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Community organizations respond to police-involved killing

July 6, 2017  | Indianapolis Recorder | Link to Article

Last week, Indianapolis Metropolitan Police Department (IMPD) officers shot and killed 45-year-old Aaron Bailey following a short pursuit on the city’s northwest side.

According to IMPD’s statement, Bailey led officers on a short vehicle chase, which ended in the intersection of 23rd and Aqueduct streets after Bailey’s vehicle crashed. Two officers approached the vehicle and shots were fired, striking Bailey. He was taken by ambulance to Eskenazi hospital, where he was later pronounced dead. 

“The loss of any life in our city is a tragedy, and my thoughts and prayers are with all individuals and families affected by (the) incident,” said Indianapolis Mayor Joe Hogsett in a written statement. “Our residents expect that IMPD will stringently follow protocol by fully investigating and reviewing the actions that were taken.” 

Steve Carlsen, dean and rector of Christ Church Cathedral, released the following statement, which circulated on social media: “Aaron’s criminal history has been shared widely. Yet, Aaron was more than his record. He is a beloved child of God. He was a member of a community of recovery. He was a runner. He was a father and a friend. And to us at Christ Church Cathedral he was a neighbor, a guest and a volunteer. Aaron volunteered all day at the Strawberry Festival this year. He attended our Sunday breakfast for several months. He ran with our members in the group Back on My Feet. Many people mourn his death and are deeply troubled that another unarmed Black man has been shot — this time in our own city…”

It has been reported that at the time of his death, Bailey had a warrant out for his arrest and the monitoring device he was wearing was inoperable due to a dead battery. 

“There’s been a lot of conversation around the background of Aaron Bailey,” said IMPD Chief Bryan Roach. “(IMPD) was clear early on that that doesn’t matter. What matters is what happened in the moment.”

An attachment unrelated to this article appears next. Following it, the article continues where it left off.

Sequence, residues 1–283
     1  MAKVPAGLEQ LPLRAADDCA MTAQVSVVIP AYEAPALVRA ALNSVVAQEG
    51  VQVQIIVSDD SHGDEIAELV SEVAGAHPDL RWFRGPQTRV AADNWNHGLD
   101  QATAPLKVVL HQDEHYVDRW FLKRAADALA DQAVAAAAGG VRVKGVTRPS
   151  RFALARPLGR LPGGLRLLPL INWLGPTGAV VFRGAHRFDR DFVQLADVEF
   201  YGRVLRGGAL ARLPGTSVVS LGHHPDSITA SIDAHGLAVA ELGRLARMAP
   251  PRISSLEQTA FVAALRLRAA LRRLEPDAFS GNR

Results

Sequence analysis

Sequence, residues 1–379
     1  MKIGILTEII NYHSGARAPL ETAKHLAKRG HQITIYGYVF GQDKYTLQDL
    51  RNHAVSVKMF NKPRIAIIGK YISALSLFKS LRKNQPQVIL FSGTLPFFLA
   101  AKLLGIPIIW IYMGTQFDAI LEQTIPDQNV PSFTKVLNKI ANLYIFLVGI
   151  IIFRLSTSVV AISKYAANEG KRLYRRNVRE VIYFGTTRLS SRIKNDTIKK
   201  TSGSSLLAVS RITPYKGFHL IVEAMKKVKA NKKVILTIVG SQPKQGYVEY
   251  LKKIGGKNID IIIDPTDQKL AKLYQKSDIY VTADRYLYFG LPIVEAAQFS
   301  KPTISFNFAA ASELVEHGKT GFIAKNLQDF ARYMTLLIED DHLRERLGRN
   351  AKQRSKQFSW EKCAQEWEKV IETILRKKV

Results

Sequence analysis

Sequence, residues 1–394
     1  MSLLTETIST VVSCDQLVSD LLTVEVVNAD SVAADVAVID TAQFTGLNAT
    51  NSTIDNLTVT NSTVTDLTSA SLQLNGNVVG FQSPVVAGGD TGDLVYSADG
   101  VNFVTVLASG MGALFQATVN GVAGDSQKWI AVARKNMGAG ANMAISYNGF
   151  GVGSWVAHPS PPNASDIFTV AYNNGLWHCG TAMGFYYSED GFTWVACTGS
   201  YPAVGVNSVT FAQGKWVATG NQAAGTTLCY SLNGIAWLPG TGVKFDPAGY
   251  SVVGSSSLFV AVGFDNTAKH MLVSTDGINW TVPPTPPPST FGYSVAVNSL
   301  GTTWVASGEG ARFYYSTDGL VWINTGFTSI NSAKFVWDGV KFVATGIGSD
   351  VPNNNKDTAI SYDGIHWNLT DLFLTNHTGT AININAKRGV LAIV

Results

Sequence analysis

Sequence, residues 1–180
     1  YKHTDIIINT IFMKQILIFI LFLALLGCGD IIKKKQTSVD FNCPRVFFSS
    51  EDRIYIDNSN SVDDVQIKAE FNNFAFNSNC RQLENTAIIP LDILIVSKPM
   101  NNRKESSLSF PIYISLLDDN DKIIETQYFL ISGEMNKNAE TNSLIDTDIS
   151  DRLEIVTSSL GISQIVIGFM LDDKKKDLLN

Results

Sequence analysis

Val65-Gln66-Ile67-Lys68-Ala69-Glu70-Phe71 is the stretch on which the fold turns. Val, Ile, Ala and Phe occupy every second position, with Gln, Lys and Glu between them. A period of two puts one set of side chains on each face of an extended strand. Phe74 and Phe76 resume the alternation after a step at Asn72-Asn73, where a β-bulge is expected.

Following Bailey’s death, many members of the African-American community expressed outrage and called for an investigation to be conducted into the use of force. 

On June 30, the African American Coalition of Indianapolis released the following statement on the fatal shooting: “We mourn for Aaron Bailey and with his family and loved ones over the terrible tragedy surrounding the loss of his life. We have witnessed numerous communities across the country experience the tragic loss of unarmed community members in police action shootings that have raised the question do Black lives matter? While we respect the role of IMPD in our community, we have learned that Indianapolis is not immune from this terrible situation — where again a community is left with questions after the fatal shooting of an unarmed Black person. This situation has angered, frustrated and frightened people in our community. Compounding on the tragic loss of life is a sense that the justice system has failed many of the Black victims of police-action shootings nationwide. We have witnessed too many failed indictments in the grand jury process, which too often leaves larger questions about the efficacy of the criminal justice system for all citizens.

“For our part, members of the African American Coalition of Indianapolis have already expressed their concerns to IMPD Chief Bryan Roach. Lines of communication that have been open and meant to encourage community and police relations remain so, yet a trust gap persists. We will redouble our efforts to ensure that there is a just outcome for all parties involved. We are working with other concerned citizens on the broader issues of training, transparency, engagement and accountability. We are also calling for an independent investigation by a committee composed of law enforcement, civic leaders and concerned citizens. We intend to continue to monitor the investigation process and we expect IMPD and the Marion County Prosecutor’s Office to provide regular updates moving forward. We understand that the best of IMPD protects and serves. IMPD is our police department and it is incumbent upon us to work together to continue to define the type of police interactions we desire as citizens.”